Written by AF Staff, Research by Kayla Laws

Saturday, February 17 marks the 209th anniversary of the day that the Treaty of Peace and Amity reached President James Madison at The Octagon and was signed in what is known today as the “Treaty Room”.  

This treaty ended the War of 1812, fought between Great Britain and the fledgling United States. The war had caused great destruction in the young nation’s newly established capital. In 1814, British troops burned federal buildings, including the White House and the United States Capitol. After the burning of the White House, President James Madison and First Lady Dolley Madison moved into The Octagon House, the nearby Washington home of their acquaintances John and Ann Tayloe, for a period of six months, from September 1814 to March 1815.

The purpose of the treaty was to achieve “universal Peace between His Britannic Majesty and the United States.” Prisoners of war were to be returned; both sides agreed to seek peaceful relations with the Indians; and efforts would be made to end the slave trade,” according to Hugh Howard’s Mr. and Mrs. Madison’s War: America’s First Couple and the Second War of Independence.   

Three different copies of the treaty were sent from Ghent, Belgium, where negotiations took place, to Washington, D.C., in case one shipment was delayed or lost. After reaching the United States Congress, the treaty was delivered to The Octagon by Henry Caroll, secretary to Congressman Henry Clay. “Madison walked into his study, an exquisite wood-paneled circular room over the entrance hall.  He crossed the pine floor and sat down before a delicate mahogany desk; its round top covered by dark green leather stamped with gold.  With characteristic precision and formality, Madison put his signature to the “Treaty of Peace and Amity,” Howard said. 



 The ceremony took place in the “President’s office in the circular room on the second floor over the entrance of the Octogen,” according to historian, Audrey Cutler. 

Servants yelled down the stairs to bring the champagne, and Paul Jennings played “The President’s March” on his fiddle.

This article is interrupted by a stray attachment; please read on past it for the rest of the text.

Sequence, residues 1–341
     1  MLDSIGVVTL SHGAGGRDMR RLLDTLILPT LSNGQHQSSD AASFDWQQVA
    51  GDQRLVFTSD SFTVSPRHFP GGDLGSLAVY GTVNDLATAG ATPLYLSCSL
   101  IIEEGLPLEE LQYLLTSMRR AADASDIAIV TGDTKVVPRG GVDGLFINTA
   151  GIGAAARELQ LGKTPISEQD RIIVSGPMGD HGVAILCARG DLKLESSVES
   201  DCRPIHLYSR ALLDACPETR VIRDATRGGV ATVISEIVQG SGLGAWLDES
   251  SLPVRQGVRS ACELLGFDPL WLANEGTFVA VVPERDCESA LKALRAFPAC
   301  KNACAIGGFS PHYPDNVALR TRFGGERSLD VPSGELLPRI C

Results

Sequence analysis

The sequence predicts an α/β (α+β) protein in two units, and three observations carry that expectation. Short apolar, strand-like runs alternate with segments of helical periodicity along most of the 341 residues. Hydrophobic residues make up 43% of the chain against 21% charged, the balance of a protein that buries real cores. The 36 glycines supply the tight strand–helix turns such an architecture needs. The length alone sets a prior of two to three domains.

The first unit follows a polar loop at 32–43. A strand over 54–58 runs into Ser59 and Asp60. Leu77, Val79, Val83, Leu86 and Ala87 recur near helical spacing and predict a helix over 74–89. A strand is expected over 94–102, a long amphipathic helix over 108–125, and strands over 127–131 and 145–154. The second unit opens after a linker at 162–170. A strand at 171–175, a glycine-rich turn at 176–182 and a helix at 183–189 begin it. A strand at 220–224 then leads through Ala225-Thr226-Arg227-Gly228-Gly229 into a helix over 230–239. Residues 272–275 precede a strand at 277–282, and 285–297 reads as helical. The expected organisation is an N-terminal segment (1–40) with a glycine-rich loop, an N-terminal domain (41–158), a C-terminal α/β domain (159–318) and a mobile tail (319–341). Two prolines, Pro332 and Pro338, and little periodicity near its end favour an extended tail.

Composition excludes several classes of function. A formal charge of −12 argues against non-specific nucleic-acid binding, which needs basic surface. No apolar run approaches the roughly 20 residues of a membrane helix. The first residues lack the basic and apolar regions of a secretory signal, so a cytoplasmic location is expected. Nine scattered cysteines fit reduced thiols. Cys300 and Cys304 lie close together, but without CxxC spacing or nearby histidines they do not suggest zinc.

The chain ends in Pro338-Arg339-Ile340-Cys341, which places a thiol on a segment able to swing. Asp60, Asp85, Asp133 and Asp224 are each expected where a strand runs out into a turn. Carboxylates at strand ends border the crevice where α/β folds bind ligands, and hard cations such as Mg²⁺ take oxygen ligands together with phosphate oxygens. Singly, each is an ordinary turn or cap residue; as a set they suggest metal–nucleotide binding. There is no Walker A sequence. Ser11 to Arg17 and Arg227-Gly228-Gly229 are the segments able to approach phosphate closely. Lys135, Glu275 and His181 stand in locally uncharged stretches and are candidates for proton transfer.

In his Reminiscences, Jennings writes that “we were crazy with joy.” The butler liberally dispensed wine to all, including the servants and slaves… [Sioussat] and some others were drunk for two days, and such another joyful time was never seen in Washington.”’ 

According to Joseph Gale, an eyewitness, “Soon after nightfall, Members of Congress and others deeply interested in the event, presented themselves at the president’s house, the doors of which stood open. When the writer of this entered the drawing room at about eight o’clock, it was crowded to its full capacity, Mrs. Madison (the president being with Cabinet) doing the honors of the honors of the occasion. And what a happy scene it was.” 

Candles were later burned in The Octagon’s windows celebrating the end of the War of 1812 and Madison’s exemplary leadership.  



 Cutler, Audrey.  “A Synopsis of Events of the War of 1812 and its Relationship to the History of the Octagon” 

 From the Octagon Files. “Interpreter’s Insights: Presidential History and Legends at the Octagon” 

 Green, Contance McLaughlin. “Washington Village and Capital, 1800-1878. 

 Howard, Hugh. Mr. and Mrs. Madison’s War: America’s First Couple and the Second War of Independence. Bloomsbury Press, 2012 

 Hunt-Jones, Conover. “Doly and the ‘Great little Madison.’” AIA Foundation, 1977 

 Jennings, Paul.  A Colored Man’s Reminiscences of James Madison. Cornell University Library, 1865.  

Lord, Walker. The Dawn’s Early light, New York, 1972. 

 Miller, Hope Riding. “Great Houses of Washington.” 

 Taylor, Contributor: Elizabeth Dowling. “Paul Jennings (1799–1874).” Encyclopedia Virginia, 2 Dec. 2021, encyclopediavirginia.org/entries/jennings-paul-1799-1874/.